London Heathrow launches new Aira app for visually impaired passengers

Heathrow Airport has announced the launch of the Aira app that will benefit nearly 6,000 visually impaired passengers that travel through Heathrow each year.

Starting December 3, visually impaired passengers at Heathrow will have access to on-demand, personalised assistance via the Aira app. The launch of the app coincides with International Day of Persons with Disabilities, observed by the United Nations since 1992 to empower the one billion people in the world that have some form of hidden or visible disability.

Available free of charge, the app will connect passengers directly to a trained professional agent for advice on navigating through Heathrow and assist with finding specific locations – including gates, special assistance facilities, retail outlets and restaurants. It will also provide live information on news affecting their journeys.

The move comes as the number of passengers requesting special assistance at Heathrow is rising by approximately 8% each year, with over one million requests in 2017 alone. Heathrow has been taking proactive steps to transform the service it provides for these passengers, supported by a £23 million investment in an upgraded contract with its special assistance partner, OmniServ. Last year, the airport launched the use of the ‘SignLive’ app, which connects passengers to trained British Sign Language translators on demand, before and after their travel through Heathrow.

Jonathan Coen, Director of Customer Relations and Service at Heathrow, said: ‘We are transforming the assistance service we provide to our passengers and empowering them to be as independent as possible when they are travelling through Heathrow. We have already invested GBP23 million in an upgraded contract with our special assistance partner, OmniServ, and introducing new equipment, training and technology to help improve our service. Aira takes us one step further – and will deliver a better travel experience for the 6,000 passengers each year that would otherwise feel less independent and less prepared when they begin their journey via Heathrow.’

The Aira app can be accessed by pre-loading it on mobile phones and an agent will be available to provide guided assistance on demand upon arrival at Heathrow. Alternatively, passengers can also pre-book special assistance through their airline and seek information on the app simultaneously, Heathrow said in a release.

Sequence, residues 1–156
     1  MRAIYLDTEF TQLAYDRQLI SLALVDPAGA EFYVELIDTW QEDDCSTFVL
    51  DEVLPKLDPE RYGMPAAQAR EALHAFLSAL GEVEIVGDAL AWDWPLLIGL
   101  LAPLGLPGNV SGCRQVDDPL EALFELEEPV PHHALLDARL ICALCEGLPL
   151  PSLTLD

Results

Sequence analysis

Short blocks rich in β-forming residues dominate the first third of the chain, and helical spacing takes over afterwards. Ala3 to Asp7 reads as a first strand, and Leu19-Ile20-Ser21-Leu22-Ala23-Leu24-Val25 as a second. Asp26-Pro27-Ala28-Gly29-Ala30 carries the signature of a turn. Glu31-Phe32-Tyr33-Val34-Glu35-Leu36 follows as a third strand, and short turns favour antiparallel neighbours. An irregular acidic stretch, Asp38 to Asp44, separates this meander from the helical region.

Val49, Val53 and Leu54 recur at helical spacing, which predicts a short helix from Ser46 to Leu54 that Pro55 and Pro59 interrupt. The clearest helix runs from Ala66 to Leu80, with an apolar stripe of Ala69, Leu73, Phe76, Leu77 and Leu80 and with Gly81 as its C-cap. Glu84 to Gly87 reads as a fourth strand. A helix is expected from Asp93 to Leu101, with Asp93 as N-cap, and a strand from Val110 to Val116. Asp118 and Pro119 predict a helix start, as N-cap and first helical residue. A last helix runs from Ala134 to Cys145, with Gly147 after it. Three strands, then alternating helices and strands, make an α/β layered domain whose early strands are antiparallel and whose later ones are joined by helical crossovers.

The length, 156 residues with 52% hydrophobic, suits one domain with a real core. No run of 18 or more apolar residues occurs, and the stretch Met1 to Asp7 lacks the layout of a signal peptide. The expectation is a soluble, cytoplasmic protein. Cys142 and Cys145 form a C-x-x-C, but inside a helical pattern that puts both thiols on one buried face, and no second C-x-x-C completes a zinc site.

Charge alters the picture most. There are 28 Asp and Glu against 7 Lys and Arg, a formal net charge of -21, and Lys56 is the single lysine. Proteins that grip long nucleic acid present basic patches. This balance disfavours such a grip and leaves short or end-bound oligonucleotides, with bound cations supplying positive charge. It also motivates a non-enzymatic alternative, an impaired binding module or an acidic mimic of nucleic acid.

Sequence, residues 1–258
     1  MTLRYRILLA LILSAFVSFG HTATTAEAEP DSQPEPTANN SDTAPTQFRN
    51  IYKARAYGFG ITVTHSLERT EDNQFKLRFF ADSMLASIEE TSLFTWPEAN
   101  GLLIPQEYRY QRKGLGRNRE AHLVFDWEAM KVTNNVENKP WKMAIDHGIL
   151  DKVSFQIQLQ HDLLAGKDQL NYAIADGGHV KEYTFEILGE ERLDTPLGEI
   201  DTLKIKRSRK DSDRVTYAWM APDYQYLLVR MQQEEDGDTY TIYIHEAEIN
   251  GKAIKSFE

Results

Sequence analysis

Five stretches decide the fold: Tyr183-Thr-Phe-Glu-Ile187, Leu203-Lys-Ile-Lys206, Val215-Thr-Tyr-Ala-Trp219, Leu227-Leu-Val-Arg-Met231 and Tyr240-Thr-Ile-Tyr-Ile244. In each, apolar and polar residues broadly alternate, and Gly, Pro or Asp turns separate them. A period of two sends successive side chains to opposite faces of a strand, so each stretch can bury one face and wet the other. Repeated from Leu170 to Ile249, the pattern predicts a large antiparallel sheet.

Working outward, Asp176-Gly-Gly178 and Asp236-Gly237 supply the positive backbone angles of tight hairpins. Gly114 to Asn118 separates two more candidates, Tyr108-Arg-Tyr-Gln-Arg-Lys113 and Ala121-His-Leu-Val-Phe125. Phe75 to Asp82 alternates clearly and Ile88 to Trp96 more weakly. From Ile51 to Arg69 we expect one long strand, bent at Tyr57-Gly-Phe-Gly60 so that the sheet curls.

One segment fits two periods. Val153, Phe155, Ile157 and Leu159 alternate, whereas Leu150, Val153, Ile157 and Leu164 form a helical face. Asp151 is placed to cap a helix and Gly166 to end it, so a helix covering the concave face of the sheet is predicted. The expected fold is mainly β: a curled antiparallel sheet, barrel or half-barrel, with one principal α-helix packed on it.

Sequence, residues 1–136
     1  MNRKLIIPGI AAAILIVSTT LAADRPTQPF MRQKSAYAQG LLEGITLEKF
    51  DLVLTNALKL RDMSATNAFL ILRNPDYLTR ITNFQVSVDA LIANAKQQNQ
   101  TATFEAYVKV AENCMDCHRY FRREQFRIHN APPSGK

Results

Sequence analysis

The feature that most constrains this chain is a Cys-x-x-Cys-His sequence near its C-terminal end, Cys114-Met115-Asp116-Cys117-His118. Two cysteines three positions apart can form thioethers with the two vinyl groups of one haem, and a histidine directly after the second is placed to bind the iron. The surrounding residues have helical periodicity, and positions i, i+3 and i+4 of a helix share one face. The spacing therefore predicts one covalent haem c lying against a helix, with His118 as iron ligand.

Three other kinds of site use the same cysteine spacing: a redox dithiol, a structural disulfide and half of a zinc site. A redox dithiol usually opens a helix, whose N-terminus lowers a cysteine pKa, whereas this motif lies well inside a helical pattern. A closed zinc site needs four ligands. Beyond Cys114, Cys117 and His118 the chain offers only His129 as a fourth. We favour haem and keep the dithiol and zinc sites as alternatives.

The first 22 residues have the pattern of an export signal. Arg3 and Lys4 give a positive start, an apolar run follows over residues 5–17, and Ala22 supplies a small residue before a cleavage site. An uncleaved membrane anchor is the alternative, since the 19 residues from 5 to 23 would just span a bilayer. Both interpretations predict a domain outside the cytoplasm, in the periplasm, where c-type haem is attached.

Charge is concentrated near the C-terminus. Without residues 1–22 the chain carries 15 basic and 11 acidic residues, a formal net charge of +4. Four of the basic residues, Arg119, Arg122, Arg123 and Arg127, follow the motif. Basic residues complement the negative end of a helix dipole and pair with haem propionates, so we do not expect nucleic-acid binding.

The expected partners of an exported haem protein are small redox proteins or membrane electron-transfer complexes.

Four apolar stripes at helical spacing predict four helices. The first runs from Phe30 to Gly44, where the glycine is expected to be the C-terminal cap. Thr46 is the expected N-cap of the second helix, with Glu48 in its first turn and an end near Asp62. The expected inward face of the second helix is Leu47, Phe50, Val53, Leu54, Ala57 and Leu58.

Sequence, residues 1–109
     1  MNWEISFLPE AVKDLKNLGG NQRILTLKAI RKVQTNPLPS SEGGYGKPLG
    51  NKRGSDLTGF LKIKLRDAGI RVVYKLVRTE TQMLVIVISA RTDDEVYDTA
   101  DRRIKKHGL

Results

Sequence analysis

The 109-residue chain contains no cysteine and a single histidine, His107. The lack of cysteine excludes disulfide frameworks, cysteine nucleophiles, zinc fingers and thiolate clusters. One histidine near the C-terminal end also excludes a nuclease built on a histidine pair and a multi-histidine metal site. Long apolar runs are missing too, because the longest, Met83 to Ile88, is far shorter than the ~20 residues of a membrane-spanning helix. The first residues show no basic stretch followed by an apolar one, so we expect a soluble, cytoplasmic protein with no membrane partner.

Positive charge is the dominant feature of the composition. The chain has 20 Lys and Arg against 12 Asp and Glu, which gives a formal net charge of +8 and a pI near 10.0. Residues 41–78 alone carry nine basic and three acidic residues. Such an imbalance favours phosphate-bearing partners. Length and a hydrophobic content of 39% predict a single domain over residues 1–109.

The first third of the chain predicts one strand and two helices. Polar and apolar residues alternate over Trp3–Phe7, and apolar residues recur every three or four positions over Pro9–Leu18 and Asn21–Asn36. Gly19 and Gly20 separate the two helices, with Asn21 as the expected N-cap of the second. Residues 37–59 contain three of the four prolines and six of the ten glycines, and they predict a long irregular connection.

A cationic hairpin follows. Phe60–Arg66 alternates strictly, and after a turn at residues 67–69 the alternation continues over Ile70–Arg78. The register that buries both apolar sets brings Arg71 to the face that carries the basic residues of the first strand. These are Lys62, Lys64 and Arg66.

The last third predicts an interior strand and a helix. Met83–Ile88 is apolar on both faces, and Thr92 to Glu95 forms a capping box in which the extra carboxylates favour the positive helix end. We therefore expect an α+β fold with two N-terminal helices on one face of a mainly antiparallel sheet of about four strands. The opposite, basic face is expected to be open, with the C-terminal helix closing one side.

Bristol Airport introduces assistance card to help passengers with hidden disabilities

Bristol Airport has announced the introduction of a hidden disabilities assistance card as part of its efforts to improve the airport and travel experience of passengers with hidden disabilities.

Designed to be the size of a business card, the hidden disabilities assistance card serves as a discreet sign to airport staff to identify passengers in need of support and assistance as they travel through the airport. The card can be handed discreetly to airport staff along with the passenger’s boarding pass or passport.

The special assistance card, which will be introduced by March-end, advises airport staff on any additional needs of a passenger, such as needing more time to process information, or extra assistance in reading departure boards or flight information. The card also encourages airport staff to use clear language when giving instructions. Airport staff are also informed that passengers carrying a card may need to remain with a family member or companion at all times.

Bristol Airport has worked with OCS Group, the special assistance provider at the airport, and local Dementia, Autism and Alzheimer charities in developing the card in addition to the lanyard scheme. The OCS Group also worked with Thumbs Up World Limited to produce a small colour booklet containing useful information for passengers with hidden disabilities using Bristol Airport. The booklet provides a clear guide on what to expect at the airport with photographs of each area including check-in, security, retail and catering outlets, boarding, arrivals and baggage reclaim. The booklet also contains space for passengers to record their own specific needs or any questions they may have along with emergency medical and contact information.

Phil Holder, Bristol Airport, said: ‘We are delighted to work with OCS and listen to feedback from families and various charities in the development of the hidden disabilities special assistance card. For families it will remove and reduce some of the stress knowing that staff are aware and understand the challenges they may face.

‘The booklet will also be a great help to families and provides information in advance of their visit and allows the family to complete the booklet together not only before they visit, but during their time at the Airport also.’

All airport staff in customer-interface roles have been given a full training and awareness programme in preparation for the introduction of these new initiatives on March 31, 2017.

The hidden disabilities assistance card, lanyard or booklet are available on request at the OCS special assistance desk in the main terminal prior to check-in, the airport said.